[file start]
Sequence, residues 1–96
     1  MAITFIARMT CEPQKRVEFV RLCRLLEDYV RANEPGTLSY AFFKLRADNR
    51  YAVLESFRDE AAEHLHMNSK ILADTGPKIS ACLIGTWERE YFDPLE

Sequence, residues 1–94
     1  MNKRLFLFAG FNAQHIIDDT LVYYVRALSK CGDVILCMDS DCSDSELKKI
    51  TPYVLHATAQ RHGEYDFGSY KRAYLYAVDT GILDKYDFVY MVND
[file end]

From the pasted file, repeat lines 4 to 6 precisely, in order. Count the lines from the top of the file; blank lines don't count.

Sequence, residues 1–94
     1  MNKRLFLFAG FNAQHIIDDT LVYYVRALSK CGDVILCMDS DCSDSELKKI
    51  TPYVLHATAQ RHGEYDFGSY KRAYLYAVDT GILDKYDFVY MVND